Home renters better think twice if they thought finding a house would be the hardest part of moving off campus. Furnishing a home is integral to the move-in process, but budgeting to decorate a house requires as much practicality as it does creativity.
“It all started with a spreadsheet,” Destiny French, a third-year in social work, said.
French, a tenant of an off-campus house, furnished her eight-bedroom home by planning decorations ahead of time with housemate Maria Neville, a third-year in marketing.
“We started before we even found the house,” Neville said. “We wanted the house to look amazing, but we don’t have any money.”
French and Neville sought to furnish the house with crafted decorations and items bought on a budget.
“We went to Home Depot to try to come up with a color scheme we wanted,” Neville said. “We got a copy for everyone, so if they wanted to buy something for the house, it would match the color scheme.”
Neville noted the importance of establishing a color scheme for the basis of furnishing.
“It’s hard to pick between wine versus maroon versus crimson,” Neville said.
In pursuit of finding ideas for decor, French and Neville resorted to social media platforms such as Pinterest for inspiration.
“Half of it was creative brainstorming and half of it was looking online for inspiration,” French noted. “We started a Pinterest board, which you can share with your friends.”
As an avid Pinterest user, Neville noted the app does not always have economically friendly options.
“Some things need to be tweaked to be cheaper,” Neville said. “Like things that involve pom-poms. Little pom-poms are expensive so we bought fake feathers instead.”
Getting an early start to decorating a house is important, but it might be difficult to visualize where everything will go. Thanks to the mobile application Houzz, French and Neville were able to virtually design their interior on their phones.
“You can upload a photo of the room or get a sample room and you can shop for things,” Neville said. “You can also upload pictures of a product you have and crop it.”
After identifying what home decor looks they were going for, French and Neville began their hunt for bargains. The pair named Goodwill, Five Below and Ollie’s as their favorite thrift stores, and Michael’s and Joann’s as their favorite craft stores, but only if you use coupons.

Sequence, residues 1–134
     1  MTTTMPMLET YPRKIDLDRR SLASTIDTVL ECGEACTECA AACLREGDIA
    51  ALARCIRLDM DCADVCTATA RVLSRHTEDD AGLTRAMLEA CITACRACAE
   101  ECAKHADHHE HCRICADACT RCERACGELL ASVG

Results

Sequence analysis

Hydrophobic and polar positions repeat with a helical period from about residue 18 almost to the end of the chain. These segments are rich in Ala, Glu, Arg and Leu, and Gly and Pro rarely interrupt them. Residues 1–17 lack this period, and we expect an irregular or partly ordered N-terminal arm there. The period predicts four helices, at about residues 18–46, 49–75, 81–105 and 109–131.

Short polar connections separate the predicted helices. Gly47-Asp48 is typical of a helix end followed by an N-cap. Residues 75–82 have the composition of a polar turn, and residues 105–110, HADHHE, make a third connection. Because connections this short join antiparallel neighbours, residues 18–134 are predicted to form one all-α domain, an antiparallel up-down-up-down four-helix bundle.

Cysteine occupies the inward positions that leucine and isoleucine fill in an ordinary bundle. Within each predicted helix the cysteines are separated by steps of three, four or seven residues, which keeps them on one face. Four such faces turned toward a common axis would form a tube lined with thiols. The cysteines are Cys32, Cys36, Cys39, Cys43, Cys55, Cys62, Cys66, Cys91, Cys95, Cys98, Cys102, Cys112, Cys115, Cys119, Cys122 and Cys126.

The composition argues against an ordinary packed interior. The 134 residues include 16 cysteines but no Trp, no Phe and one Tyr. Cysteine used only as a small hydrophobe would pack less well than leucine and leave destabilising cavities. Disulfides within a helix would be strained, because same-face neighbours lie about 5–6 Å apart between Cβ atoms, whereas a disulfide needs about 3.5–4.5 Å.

“They both have really good coupons,” French said. “You have to be practical and there are so many more things you’re paying for in college.”
The duo from Solon, Ohio, attributed many of their thrifted decorations to garage sales.
“Summer is good for garage sales, so we would raid the garage sales,” Neville said. “We would go to the fancy neighborhoods and you can bargain at the garage sales, but I never really did, but sometimes people just give stuff away for free.”
They also noted the importance of the housemates’ group effort in asking around for the larger pieces of furniture.
“Each girl asked their family and went around to see if any friends had extra furniture to have a lot of starting material,” French said.
One crafted furniture item is the maroon papasan, originally an “unfurnished piece of thing,” French said, that she designed by “tying old sheets” she was no longer using and “now it’s adorable,” polished off with thrifted and bargained pillows.
Neville noted their most important tool in crafting decor was spray paint.
“We spray-painted everything we possibly could,” Neville said. “The gold [paint] especially. It just changes everything. Nothing is not spray-painted.”
Overall, the pair estimated they saved “about $800,” according to Neville. However, the team had to overcome the difficulty of establishing a warm environment while making the house college-proof.
“The truth is, things do get destroyed, so [decor] is really not worth spending a ton of money on,” French said. “But then at the same time, you really want your house to look cute because this is the place you’re going to live in.”
The team noted their excitement about keeping their house for the 2019-20 academic year.
“Some people don’t like their homes because they are not cozy. We love coming home,” French said. “It’s, like, our favorite thing to do.”